The absence of such reference is particularly noteworthy in the legislative report for the year 1908, pp. 218-233, which is devoted to a consideration of harmonious or uniform legislation. It contains a résumé of the legislation in Congress recommended and supported by the National Convention of Railroad Commissioners during a period of 19 years and attendances at congressional hearings on safety appliances, block signal, and hours of labor legislation.

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attending its passage were such as to preclude the belief that thereby Congress intended to deny to the States the power to provide for compensation or relief for injuries not covered by it.

(B) The scope of the Federal Employers' Liability Act:

(1.) The act leaves uncovered a large part of the injuries which result from the railroads' negligence. The decision of this court in the first Employers' Liability Cases, 207 U. S. 463, had declared that Congress lacked power to legislate in respect to any injuries occurring otherwise than to employees engaged in interstate commerce. Later decisions disclose how large a part of the injuries resulting from the railroads' negligence are thus excluded from the operation of the federal law. For the act was held to apply only to those directly engaged in interstate commerce. This excludes not only those engaged in intrastate commerce, but also the many whowhile engaged on work for interstate commerce, as in repairing engines or cars-are not directly engaged in it. Likewise it excludes employees who, though habitually engaged directly in interstate commerce, happen to be injured or killed through the railroads' negligence, while performing some work in intrastate commerce.1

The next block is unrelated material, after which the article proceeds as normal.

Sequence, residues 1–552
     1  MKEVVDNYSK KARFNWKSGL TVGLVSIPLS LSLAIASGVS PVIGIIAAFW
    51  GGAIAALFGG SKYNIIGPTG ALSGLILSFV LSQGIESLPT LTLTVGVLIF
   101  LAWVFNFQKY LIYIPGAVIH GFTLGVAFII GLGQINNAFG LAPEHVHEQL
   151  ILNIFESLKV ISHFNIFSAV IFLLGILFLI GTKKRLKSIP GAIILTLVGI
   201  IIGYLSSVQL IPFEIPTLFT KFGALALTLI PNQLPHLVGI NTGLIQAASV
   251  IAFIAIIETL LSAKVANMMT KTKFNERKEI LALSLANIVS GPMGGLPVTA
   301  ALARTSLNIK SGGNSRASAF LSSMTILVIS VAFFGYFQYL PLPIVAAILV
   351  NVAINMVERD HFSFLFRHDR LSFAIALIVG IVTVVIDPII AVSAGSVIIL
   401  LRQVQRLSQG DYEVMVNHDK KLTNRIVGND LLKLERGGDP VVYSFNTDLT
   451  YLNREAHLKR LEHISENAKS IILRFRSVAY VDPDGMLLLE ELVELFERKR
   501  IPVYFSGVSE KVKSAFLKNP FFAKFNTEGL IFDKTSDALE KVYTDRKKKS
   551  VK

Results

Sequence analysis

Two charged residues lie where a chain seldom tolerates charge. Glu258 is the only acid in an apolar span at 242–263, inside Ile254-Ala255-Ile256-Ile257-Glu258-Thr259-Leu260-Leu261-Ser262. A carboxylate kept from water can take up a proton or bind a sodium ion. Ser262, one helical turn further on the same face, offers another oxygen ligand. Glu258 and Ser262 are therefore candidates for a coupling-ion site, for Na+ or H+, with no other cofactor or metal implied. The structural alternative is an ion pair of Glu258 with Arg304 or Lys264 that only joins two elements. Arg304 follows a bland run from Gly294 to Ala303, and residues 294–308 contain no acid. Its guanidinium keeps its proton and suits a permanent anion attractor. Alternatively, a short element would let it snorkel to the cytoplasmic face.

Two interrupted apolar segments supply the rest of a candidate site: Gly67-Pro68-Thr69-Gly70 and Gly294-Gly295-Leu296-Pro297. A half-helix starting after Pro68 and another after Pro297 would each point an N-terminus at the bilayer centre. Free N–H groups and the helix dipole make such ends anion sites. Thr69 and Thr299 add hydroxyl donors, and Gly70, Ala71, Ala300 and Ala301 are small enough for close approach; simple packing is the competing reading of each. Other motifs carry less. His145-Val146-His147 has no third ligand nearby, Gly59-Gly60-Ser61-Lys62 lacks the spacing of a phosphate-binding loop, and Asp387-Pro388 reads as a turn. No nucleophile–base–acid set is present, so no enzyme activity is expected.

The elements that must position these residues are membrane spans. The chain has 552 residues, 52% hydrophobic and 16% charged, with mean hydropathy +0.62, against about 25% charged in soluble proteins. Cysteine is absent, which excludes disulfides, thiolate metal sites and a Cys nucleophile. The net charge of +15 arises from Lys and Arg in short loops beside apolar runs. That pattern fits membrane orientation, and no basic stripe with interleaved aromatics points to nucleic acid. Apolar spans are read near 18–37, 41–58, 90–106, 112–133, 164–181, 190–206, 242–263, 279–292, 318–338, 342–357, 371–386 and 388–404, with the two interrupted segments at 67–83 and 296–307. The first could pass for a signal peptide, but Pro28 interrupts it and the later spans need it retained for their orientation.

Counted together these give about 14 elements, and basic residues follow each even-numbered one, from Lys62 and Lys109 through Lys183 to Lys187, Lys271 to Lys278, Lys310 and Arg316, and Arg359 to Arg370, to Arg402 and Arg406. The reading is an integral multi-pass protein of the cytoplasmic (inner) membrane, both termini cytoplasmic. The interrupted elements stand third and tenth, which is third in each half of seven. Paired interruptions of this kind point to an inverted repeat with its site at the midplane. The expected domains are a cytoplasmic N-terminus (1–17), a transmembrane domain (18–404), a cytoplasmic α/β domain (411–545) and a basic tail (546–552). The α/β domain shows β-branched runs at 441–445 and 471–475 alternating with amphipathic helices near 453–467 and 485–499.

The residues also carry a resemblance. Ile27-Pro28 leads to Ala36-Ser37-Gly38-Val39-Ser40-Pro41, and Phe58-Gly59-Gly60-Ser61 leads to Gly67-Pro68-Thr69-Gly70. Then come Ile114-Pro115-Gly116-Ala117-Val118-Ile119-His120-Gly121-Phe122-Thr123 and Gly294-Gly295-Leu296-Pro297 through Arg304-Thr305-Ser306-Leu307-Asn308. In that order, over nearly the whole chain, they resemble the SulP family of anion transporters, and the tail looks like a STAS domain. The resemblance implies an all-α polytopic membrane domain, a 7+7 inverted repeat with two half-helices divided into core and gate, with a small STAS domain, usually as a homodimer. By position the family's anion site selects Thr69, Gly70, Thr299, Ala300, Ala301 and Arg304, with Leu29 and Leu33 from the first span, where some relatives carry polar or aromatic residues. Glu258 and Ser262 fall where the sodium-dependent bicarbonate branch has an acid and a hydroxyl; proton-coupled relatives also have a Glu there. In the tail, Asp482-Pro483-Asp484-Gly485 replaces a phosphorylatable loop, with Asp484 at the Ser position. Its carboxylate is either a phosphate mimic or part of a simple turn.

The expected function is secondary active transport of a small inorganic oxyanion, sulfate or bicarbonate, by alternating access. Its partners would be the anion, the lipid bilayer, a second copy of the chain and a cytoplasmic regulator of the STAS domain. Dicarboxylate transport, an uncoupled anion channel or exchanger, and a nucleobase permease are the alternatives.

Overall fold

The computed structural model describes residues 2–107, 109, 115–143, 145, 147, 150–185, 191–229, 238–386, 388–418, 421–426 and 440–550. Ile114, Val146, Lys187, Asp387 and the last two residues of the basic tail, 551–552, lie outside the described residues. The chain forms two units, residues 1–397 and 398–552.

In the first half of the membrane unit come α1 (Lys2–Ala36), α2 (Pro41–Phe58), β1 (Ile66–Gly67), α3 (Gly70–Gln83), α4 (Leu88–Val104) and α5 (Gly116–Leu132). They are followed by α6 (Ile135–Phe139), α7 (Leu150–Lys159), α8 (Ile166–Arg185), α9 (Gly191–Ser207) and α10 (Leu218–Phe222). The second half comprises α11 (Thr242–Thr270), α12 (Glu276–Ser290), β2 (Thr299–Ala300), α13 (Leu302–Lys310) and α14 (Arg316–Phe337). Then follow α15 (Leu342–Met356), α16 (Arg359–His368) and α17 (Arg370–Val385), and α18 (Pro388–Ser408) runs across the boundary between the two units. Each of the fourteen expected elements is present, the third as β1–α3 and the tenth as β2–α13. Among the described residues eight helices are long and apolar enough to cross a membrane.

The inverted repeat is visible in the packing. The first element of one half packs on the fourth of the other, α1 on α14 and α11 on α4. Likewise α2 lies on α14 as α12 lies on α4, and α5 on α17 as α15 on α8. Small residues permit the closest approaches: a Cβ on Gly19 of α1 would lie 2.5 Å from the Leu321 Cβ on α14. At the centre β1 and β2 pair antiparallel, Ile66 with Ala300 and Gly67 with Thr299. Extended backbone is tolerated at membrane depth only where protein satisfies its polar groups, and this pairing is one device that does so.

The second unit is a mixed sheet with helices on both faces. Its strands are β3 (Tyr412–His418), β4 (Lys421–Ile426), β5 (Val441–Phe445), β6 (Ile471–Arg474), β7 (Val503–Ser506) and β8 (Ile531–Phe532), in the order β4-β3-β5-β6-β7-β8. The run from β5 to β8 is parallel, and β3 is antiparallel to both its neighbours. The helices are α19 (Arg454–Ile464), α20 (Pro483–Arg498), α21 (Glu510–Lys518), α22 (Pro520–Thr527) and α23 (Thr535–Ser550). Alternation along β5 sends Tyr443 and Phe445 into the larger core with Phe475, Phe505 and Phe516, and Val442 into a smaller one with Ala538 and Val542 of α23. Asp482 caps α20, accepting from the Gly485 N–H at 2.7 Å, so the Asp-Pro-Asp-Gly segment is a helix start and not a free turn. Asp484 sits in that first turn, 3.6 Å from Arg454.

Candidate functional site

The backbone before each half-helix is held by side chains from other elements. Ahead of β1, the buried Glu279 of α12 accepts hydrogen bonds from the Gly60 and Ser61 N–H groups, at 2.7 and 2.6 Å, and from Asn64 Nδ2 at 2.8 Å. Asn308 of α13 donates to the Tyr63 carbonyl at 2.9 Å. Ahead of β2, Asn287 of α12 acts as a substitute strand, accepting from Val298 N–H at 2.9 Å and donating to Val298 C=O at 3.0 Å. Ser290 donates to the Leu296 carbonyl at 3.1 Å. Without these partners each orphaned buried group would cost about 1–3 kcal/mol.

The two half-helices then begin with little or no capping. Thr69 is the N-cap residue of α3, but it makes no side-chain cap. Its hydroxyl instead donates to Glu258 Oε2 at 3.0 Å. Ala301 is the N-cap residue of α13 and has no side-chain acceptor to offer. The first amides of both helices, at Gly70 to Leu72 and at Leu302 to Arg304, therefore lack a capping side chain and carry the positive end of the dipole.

(2.) The act leaves uncovered all of the injuries which result otherwise than from the railroad's negligence, though occurring when the employee is engaged directly in interstate commerce.

The scope of the act is so narrow as to preclude the belief that thereby Congress intended to deny to the States